Measuring values in Environmental Research: A test of an Environmental Portrait Value Questionnaire

By: Bouman, T., Steg, L., Kiers, H.A.L. (2018).

In: Frontiers in Psychology
doi: fpsyg.2018.00564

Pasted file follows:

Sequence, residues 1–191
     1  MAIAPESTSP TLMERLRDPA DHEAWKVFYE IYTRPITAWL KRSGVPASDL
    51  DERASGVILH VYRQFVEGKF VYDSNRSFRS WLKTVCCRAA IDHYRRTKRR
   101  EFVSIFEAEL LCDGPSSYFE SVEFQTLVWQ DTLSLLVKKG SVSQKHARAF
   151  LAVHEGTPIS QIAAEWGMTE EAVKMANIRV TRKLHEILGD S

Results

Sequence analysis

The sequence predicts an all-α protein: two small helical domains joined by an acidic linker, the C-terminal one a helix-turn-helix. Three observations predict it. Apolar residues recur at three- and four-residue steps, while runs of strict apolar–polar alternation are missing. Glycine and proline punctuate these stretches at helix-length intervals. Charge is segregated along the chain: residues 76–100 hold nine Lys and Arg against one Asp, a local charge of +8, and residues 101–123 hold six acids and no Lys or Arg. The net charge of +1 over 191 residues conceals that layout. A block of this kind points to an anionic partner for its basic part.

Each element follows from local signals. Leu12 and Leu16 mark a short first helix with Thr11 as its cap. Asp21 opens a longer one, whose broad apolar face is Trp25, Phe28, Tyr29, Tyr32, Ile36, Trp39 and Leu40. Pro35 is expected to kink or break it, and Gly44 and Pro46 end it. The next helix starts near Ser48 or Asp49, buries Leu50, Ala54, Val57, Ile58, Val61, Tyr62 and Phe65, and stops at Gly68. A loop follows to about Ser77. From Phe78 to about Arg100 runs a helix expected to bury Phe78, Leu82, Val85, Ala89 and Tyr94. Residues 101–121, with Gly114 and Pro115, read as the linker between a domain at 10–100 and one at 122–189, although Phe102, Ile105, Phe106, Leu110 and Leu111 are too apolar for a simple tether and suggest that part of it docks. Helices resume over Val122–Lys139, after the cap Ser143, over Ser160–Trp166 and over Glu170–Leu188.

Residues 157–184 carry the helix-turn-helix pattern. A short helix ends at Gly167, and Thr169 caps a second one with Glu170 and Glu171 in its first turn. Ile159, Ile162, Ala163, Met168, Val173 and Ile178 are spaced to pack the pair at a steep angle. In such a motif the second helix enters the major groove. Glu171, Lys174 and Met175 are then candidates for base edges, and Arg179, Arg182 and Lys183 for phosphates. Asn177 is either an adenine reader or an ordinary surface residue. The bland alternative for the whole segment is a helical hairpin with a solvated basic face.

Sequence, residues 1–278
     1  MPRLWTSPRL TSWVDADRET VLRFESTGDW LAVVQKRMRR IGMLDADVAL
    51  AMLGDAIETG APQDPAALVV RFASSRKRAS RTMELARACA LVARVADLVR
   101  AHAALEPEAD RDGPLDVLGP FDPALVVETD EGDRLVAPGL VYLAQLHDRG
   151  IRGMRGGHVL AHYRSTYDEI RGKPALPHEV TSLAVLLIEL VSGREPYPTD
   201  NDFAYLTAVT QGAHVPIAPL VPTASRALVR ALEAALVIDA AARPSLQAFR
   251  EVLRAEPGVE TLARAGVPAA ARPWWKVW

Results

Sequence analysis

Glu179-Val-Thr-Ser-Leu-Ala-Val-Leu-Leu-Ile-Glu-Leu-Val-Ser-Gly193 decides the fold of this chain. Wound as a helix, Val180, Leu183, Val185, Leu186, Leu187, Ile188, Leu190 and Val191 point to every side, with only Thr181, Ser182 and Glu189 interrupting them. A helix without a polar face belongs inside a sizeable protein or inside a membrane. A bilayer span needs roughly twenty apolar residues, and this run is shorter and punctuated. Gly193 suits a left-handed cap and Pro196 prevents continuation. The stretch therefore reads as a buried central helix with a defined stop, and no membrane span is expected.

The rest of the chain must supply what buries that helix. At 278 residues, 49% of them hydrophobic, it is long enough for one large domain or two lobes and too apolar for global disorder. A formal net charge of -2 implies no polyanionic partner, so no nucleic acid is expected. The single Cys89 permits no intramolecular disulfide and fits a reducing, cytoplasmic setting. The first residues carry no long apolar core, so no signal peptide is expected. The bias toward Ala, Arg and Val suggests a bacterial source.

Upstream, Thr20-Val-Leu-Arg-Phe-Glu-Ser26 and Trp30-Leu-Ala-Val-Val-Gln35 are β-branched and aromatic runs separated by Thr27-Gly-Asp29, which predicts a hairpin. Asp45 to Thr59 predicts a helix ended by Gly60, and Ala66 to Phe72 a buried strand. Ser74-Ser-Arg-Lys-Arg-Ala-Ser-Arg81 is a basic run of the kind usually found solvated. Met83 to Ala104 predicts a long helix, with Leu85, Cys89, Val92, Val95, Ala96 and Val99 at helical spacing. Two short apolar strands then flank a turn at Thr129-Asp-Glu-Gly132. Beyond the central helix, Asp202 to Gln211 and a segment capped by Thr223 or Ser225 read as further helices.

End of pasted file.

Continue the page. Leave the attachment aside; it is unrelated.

Abstract. Four human values are considered to underlie individuals’ environmental beliefs and behaviors: biospheric (i.e., concern for environment), altruistic (i.e., concern for others), egoistic (i.e., concern for personal resources) and hedonic values (i.e., concern for pleasure and comfort). These values are typically measured with an adapted and shortened version of the Schwartz Value Survey (SVS), to which we refer as the Environmental-SVS (E-SVS). Despite being well-validated, recent research has indicated some concerns about the SVS methodology (e.g., comprehensibility, self-presentation biases) and suggested an alternative method of measuring human values: The Portrait Value Questionnaire (PVQ). However, the PVQ has not yet been adapted and applied to measure values most relevant to understand environmental beliefs and behaviors. Therefore, we tested the Environmental-PVQ (E-PVQ) – a PVQ variant of E-SVS –and compared it with the E-SVS in two studies. Our findings provide strong support for the validity and reliability of both the E-SVS and E-PVQ. In addition, we find that respondents slightly preferred the E-PVQ over the E-SVS (Study 1). In general, both scales correlate similarly to environmental self-identity (Study 1), energy behaviors (Studies 1 and 2), pro-environmental personal norms, climate change beliefs and policy support (Study 2). Accordingly, both methodologies show highly similar results and seem well-suited for measuring human values underlying environmental behaviors and beliefs.